- The Washington Times - Thursday, December 6, 2001

Polish contribution
Poland has offered to contribute about 300 specialized troops to help the United States in the war in Afghanistan, the Polish ambassador said yesterday.
Ambassador Przemyslaw Grudzinski said the soldiers are experts in fields such as biological and chemical warfare. Poland is also sending a logistics ship.
Poland, as a new member of NATO, was ready to help as soon as the alliance invoked the mutual-defense clause of the NATO Charter after the September 11 terrorist attacks, the ambassador told editors and reporters of The Washington Times over lunch at the Polish Embassy.
"We told NATO we will provide more if needed," he said.
Mr. Grudzinski said Poland is "under no illusion" about the war on terrorism.
"We know this is going to be a long campaign," he said. "Poland will be there for the United States for as long as it takes."
The ambassador also said Osama bin Laden's al Qaeda terrorist network has no cells in Poland.
"They would be noticed," he said, explaining there are few Arabs in Poland, where 98 percent of the population are ethnic Poles.
However, the threat of terrorism poses the difficult problem of trying to maintain open borders while maintaining security, he said.
Mr. Grudzinski, in a wide-ranging discussion, also talked about next week's visit of Foreign Minister Wlodzimierz Cimoszewicz, who will meet Secretary of State Colin L. Powell and National Security Advisor Condoleezza Rice. The ambassador reviewed Poland's position on the next expansion of NATO and the alliance's growing relations with Russia.
Mr. Cimoszewicz, who was appointed foreign minister last month, will also present Sen. Barbara Mikulski, Maryland Democrat, with Poland's second-highest award, the Commander's Cross with Star of the Order of Merit, for her work on behalf of U.S.-Polish relations.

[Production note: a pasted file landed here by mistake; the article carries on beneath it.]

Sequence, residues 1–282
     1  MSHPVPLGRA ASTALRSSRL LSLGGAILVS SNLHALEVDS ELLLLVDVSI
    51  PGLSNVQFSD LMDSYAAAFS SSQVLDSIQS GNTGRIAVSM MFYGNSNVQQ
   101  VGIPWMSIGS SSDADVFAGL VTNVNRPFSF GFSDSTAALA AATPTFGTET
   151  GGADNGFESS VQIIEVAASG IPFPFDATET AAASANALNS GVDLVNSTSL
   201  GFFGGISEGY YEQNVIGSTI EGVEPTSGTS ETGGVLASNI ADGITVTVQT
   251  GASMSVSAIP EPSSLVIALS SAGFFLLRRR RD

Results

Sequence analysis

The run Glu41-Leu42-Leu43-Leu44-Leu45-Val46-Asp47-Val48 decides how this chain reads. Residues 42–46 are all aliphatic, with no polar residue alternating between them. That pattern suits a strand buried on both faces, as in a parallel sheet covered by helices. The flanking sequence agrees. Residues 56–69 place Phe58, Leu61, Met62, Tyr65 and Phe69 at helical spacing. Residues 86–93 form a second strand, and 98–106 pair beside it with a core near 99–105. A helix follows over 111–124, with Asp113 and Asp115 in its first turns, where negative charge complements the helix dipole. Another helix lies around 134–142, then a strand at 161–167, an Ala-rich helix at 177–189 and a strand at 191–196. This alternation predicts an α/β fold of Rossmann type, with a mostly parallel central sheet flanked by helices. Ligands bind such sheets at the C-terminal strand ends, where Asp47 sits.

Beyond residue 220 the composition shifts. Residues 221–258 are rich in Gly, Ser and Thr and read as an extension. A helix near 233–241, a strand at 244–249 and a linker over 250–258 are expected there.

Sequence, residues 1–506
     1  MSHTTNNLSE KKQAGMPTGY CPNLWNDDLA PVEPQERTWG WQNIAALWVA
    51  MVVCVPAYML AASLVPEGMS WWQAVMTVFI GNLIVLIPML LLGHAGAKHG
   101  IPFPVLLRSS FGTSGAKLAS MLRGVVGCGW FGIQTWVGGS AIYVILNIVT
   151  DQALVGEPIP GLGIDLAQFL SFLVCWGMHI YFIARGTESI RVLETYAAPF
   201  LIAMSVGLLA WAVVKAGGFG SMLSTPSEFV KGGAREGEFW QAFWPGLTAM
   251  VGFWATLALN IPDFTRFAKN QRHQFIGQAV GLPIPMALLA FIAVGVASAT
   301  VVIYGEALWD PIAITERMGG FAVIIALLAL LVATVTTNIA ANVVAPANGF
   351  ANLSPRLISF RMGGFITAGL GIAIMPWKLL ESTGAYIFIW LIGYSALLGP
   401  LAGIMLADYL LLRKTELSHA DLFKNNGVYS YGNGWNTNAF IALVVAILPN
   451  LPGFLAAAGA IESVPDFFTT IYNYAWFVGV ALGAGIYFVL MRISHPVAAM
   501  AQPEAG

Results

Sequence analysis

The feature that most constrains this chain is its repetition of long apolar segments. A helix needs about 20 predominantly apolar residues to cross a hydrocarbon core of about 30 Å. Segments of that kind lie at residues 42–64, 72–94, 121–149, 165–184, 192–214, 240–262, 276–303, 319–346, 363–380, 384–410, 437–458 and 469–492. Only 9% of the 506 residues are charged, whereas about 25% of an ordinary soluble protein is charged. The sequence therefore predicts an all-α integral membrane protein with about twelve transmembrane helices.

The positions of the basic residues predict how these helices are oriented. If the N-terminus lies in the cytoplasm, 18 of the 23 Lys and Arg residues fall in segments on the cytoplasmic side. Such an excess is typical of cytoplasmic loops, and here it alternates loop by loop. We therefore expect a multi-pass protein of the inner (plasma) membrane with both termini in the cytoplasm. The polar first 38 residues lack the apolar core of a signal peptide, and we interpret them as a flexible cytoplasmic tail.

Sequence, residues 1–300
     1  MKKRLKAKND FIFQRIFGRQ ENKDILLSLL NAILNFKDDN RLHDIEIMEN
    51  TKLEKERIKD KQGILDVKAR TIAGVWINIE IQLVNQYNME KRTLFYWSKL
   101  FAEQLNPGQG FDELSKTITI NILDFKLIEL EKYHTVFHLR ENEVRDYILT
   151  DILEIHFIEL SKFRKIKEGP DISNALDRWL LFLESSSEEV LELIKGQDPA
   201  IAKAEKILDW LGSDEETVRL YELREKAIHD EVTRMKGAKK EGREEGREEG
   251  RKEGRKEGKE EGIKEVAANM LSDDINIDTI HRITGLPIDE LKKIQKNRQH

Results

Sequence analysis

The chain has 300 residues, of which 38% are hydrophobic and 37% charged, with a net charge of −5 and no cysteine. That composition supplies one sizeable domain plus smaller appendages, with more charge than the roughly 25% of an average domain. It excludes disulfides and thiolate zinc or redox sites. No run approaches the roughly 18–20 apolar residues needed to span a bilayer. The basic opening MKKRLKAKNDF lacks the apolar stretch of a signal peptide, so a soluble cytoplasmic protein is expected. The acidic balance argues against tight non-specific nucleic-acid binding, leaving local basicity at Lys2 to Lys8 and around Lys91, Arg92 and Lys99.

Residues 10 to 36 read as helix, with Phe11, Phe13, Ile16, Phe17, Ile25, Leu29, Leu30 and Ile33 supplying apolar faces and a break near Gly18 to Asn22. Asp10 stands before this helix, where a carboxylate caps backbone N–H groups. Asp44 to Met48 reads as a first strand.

Miss Mikulski "was an active player" in the first round of NATO enlargement that brought Poland into the alliance, Mr. Grudzinski said.
She also helped establish a memorial in Baltimore to the 15,400 Polish prisoners of war who were massacred by Soviet troops in 1940 in Russia's Katyn Forest, the ambassador added.
Mr. Cimoszewicz, on his Dec. 13-14 visit, is also expected to discuss the next anticipated expansion of NATO and to express Poland's support for the seven chief candidates Bulgaria, Estonia, Latvia, Lithuania, Romania, Slovakia and Slovenia.
As for Russia's potential future relations with NATO, Poland has urged a cautious approach, the ambassador said.
"We should build on what was good but not try to reinvent the world after September 11," he said. "My preference is to go step by step."

Not leaving Pakistan
The Pakistan Embassy yesterday wearily denied, yet again, rumors that the wife of Pakistani President Pervez Musharraf was planning to buy a house in Washington or New York.
The rumor made it appear that Gen. Musharraf, who took power in a coup, might be preparing for a backlash against his support for the U.S. war in Afghanistan and looking for a safe pied-a-terre in America.
Embassy spokesman Mian Asad Hayauddin said the report first appeared in an Indian newspaper and a Pakistani newspaper last week knocked down the story. The legendary regional rivalry between the two countries extends to their media.
The report surfaced again yesterday among the State Department press corps, when a reporter showed a copy of the India Globe story to other correspondents at the daily briefing.
The report said that Begum Sehba Musharraf visited Washington and New York in mid-November and, with the help of "U.S. officials," went house-hunting. The newspaper quoted Indian intelligence officials as its source.
The Pakistani newspaper, Dawn, asked the White House about the rumor last week. White House spokesman Air Fleischer said he knew nothing about it.
Mr. Hayauddin said Mrs. Musharraf accompanied her husband on a trip to the United Nations in New York but never left the city.
Except for official functions, "they never left the hotel," he told Embassy Row.

Call Embassy Row at 202/636-3297, fax 832-7278 or e-mail [email protected]

Sign up for Daily Newsletters

Copyright © 2019 The Washington Times, LLC. Click here for reprint permission.

The Washington Times Comment Policy

The Washington Times welcomes your comments on Spot.im, our third-party provider. Please read our Comment Policy before commenting.


Click to Read More and View Comments

Click to Hide